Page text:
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Of Dogs and Dance Parties

Remember the orthopedic bed Jake needed? The bed y'all so nicely bought for him

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He completely destroyed it, the ungrateful jerkwad.

He also destroyed two doorframes and ripped the carpet off the basement stairs. 

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(Someone please adopt this wonderful charming amazing creature I beg of you.)

His heartworm treatment dictates that he MUST stay calm and not exert himself in any way (because otherwise the dead worms will break into pieces and you know what you can just Google why if you want), so we have to keep him isolated from all the other wild and crazy animals a lot of the time since they whip each other into a crazy pack frenzy.*

But Jake haaaaaates being crated, so for a little while we let him just lounge around in the basement, and everything was fine. But at some point he lost interest in the plethora of toys and chews and Kongs we leave for him, and started going full destructor mode on stuff like, books! Pillows! Paper! Anything he can pull out of the trash can! THE VERY WALLS AND FLOORS AROUND HIM.

So fine, back into the crate he went, along with designated toys and blankets he's welcome to rip to shreds, but where's the fun in that? 

Funny semi-related story: Last week, we started hearing a very annoying dog barking every night, right around bedtime. I thought maybe our next-door neighbors got a puppy and were crating it in the room closest to our house.. Then I thought no, that barking sounds like it's coming from directly outside, but after opening the window it sounded further away, like somebody's dog barking on their back porch. Take your dog inside, asshole! It's freezing out there! Then I got worried that maybe it was a lost dog running around loose, so I ran outside in my pajamas to look for it. I couldn't hear the barking at all outside, but back in our bedroom it started up again.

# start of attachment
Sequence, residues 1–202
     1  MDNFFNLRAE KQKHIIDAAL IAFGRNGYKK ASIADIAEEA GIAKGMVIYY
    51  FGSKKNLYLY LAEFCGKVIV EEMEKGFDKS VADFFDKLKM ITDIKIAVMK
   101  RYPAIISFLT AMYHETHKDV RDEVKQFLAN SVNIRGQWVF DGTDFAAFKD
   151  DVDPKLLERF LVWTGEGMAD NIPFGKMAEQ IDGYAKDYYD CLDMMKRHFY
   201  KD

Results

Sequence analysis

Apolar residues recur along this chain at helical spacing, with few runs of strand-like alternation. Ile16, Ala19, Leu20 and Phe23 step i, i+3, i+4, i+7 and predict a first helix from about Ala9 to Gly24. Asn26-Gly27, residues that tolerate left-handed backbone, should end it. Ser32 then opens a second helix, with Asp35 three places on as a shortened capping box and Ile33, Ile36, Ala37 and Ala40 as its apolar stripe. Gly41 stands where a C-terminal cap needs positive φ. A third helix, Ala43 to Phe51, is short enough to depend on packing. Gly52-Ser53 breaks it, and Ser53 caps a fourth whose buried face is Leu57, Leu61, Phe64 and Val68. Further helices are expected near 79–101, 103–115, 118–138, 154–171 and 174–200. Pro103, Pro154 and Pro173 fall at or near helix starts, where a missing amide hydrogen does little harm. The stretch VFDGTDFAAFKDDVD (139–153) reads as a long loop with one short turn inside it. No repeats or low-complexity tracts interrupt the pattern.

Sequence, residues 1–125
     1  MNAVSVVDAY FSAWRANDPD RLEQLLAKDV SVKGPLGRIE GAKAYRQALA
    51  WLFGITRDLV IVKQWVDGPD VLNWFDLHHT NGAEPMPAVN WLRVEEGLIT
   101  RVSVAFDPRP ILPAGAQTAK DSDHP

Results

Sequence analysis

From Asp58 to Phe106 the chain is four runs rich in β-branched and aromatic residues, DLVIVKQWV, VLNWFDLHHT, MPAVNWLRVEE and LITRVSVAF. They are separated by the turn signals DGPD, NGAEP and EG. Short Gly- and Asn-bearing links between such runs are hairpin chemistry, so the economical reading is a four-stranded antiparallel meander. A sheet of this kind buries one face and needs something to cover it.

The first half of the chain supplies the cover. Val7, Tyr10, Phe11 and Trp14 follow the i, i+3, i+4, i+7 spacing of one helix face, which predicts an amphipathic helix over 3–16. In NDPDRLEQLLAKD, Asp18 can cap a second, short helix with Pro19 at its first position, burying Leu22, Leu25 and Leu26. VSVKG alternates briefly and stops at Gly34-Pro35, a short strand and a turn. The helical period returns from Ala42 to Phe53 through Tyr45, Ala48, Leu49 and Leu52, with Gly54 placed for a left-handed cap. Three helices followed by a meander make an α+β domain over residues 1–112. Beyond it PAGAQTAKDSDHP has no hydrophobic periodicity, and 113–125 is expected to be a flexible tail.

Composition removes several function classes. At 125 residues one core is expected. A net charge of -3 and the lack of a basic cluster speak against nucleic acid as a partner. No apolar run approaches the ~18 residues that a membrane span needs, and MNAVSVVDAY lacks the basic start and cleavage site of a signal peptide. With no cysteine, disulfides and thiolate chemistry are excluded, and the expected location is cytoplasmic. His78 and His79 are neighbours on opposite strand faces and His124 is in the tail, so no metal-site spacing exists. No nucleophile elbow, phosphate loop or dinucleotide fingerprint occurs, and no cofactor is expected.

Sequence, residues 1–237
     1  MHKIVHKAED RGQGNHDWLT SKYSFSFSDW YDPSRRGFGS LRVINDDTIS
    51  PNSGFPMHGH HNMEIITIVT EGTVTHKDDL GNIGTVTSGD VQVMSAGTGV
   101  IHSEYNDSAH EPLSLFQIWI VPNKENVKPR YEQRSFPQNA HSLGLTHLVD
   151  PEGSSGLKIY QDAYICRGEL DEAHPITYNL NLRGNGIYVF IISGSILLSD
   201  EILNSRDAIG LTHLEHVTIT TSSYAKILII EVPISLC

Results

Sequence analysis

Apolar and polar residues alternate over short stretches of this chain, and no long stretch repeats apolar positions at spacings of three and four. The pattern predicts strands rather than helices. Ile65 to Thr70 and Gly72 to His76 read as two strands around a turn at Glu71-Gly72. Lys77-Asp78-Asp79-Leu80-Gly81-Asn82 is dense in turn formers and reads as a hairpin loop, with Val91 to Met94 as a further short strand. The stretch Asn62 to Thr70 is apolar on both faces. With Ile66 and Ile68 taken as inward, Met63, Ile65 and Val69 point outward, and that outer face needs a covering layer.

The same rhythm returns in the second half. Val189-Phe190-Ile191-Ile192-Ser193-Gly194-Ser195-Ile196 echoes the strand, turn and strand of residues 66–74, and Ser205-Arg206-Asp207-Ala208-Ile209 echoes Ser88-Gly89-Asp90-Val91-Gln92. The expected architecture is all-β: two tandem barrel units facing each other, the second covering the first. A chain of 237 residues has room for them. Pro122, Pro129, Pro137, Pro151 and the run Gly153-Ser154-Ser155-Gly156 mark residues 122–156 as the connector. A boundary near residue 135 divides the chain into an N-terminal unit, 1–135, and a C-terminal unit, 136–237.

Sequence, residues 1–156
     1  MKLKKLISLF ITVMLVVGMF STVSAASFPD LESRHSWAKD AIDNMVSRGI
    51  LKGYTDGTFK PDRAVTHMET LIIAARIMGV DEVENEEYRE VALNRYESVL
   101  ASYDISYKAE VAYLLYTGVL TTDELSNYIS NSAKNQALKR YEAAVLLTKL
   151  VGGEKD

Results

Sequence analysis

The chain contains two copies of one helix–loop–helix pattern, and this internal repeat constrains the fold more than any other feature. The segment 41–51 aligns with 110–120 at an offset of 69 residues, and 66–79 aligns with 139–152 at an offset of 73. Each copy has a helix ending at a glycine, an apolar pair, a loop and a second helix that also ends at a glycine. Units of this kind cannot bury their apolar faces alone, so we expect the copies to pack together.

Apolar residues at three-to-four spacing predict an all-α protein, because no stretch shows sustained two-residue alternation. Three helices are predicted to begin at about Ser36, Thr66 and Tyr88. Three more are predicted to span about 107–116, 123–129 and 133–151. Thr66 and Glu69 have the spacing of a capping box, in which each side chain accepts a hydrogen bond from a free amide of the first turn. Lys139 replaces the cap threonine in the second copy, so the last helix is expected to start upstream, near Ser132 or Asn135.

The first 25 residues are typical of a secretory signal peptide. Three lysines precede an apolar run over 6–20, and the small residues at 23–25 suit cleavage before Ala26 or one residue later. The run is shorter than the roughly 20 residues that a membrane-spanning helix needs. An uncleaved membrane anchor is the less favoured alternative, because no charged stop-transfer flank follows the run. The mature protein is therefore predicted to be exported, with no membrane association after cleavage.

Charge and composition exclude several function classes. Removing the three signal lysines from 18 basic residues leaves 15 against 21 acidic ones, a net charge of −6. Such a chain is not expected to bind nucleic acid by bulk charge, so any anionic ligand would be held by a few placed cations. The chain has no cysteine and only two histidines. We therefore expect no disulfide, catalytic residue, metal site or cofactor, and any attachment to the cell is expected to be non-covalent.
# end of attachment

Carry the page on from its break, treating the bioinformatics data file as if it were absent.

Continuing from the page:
Jake. It was Jake. The barking was coming from inside the house, from the basement, all the way up to our bedroom via the heating vents. WOOF WOOF I HATE CRATE I HATE CRATE RUFF RUFF, every night, until he barks himself to sleep. 

Or gets a mouth full of memory foam, apparently.

*I do crate Beau and Poppy for chunks of the day to give Jake a chance for some nice quite couch time upstairs with me. Those two are both quite happy in their crates, though Poppy has also lost the rights to a proper mattress after eating two of them. (Now three, because I gave her Jake's old bed and she has indeed taken dainty nibbles out of every corner.)